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In the Carolinas, bluegrass is more than music--it's a way of life. The origins of the genre date back to the earliest frontier settlements, and banjo music appeared at dances in Greenville, South Carolina, as early as 1780. The genre was essential to socialization in the textile mills of both states. Old-time music of the Blue Ridge Mountains heavily influenced the sound. Bill Monroe, considered by many to be the father of bluegrass, began his recording career in Charlotte in 1936. Many of the most popular bands, such as the Hired Hands and Briarhoppers, regularly performed live on local television stations in Columbia, Spartanburg and Charlotte. Today, bluegrass festivals fill local calendars across the region. Author Gail Wilson-Giarratano uses interviews and the historic record to tell this unique and compelling story.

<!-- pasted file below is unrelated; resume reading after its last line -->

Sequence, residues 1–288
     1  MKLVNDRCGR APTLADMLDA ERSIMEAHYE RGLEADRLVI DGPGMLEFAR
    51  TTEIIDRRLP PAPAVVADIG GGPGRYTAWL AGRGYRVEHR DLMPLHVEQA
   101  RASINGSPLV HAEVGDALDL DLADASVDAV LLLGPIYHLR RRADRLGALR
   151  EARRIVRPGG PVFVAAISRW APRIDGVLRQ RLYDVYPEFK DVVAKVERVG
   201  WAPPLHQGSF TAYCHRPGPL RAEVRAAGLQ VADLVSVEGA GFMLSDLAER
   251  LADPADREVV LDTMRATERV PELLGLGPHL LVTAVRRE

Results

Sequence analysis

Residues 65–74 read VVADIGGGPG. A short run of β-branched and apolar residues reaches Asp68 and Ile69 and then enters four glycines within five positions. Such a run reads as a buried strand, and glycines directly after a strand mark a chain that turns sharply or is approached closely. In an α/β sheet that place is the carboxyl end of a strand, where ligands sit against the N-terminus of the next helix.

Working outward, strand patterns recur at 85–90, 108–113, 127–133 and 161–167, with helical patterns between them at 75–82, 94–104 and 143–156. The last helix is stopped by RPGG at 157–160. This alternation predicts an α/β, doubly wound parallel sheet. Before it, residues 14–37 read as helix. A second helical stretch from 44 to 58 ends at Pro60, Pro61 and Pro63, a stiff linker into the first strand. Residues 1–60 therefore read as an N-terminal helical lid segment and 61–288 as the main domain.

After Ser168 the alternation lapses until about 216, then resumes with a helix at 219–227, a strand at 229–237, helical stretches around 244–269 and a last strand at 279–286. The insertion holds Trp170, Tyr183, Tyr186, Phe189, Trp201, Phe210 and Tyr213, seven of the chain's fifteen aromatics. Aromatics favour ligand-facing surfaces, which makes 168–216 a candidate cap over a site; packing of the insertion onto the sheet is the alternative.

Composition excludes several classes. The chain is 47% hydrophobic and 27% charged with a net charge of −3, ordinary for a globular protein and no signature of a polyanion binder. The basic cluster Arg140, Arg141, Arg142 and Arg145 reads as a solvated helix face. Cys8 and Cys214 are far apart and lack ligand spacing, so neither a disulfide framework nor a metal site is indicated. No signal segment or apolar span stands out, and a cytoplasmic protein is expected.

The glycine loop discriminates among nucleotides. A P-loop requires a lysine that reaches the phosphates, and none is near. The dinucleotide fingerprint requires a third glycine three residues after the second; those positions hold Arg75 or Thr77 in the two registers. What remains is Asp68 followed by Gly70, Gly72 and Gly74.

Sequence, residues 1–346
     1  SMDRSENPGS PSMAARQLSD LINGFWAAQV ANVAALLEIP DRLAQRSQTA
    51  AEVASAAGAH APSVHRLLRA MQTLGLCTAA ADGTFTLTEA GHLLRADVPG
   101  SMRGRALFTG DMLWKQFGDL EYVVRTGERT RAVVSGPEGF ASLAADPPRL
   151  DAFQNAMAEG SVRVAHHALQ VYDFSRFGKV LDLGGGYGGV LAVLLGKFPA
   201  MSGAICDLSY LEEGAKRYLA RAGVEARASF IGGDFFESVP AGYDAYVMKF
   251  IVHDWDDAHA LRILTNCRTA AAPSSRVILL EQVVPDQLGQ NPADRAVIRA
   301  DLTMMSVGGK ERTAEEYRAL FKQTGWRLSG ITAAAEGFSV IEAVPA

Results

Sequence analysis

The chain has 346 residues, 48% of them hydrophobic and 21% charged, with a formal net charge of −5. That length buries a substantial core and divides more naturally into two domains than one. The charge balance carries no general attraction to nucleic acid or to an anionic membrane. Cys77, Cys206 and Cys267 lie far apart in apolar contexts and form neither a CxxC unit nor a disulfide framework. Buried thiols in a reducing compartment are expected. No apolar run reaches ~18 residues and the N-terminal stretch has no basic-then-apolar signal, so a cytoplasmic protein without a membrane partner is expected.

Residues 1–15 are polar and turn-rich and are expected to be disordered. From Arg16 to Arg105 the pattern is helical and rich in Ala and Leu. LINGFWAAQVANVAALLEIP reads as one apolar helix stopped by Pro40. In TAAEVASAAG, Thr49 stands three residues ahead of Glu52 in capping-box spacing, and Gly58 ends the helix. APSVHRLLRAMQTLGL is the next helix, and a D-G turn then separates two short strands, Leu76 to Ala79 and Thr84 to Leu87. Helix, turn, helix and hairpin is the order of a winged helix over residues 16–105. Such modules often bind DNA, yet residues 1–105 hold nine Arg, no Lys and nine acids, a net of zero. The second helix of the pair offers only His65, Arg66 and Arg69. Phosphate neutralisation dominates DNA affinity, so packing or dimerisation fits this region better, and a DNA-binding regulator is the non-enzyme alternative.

|Publisher:||History Press, The|
|Product dimensions:||6.00(w) x 8.90(h) x 0.60(d)|
About the Author
Gail Wilson-Giarratano is the executive director and vice-president of the education-focused nonprofit City Year, in Columbia, South Carolina. She holds a BA in art from Winthrop University, an MS in leadership and policy from Wheelock College in Boston and a PhD in leadership and decision sciences from Walden University. Gail currently resides in Lake Carolina community of Columbia, South Carolin,a with her blues musician husband Anthony Charles (Giarratano) and their dog Adelina Bambini.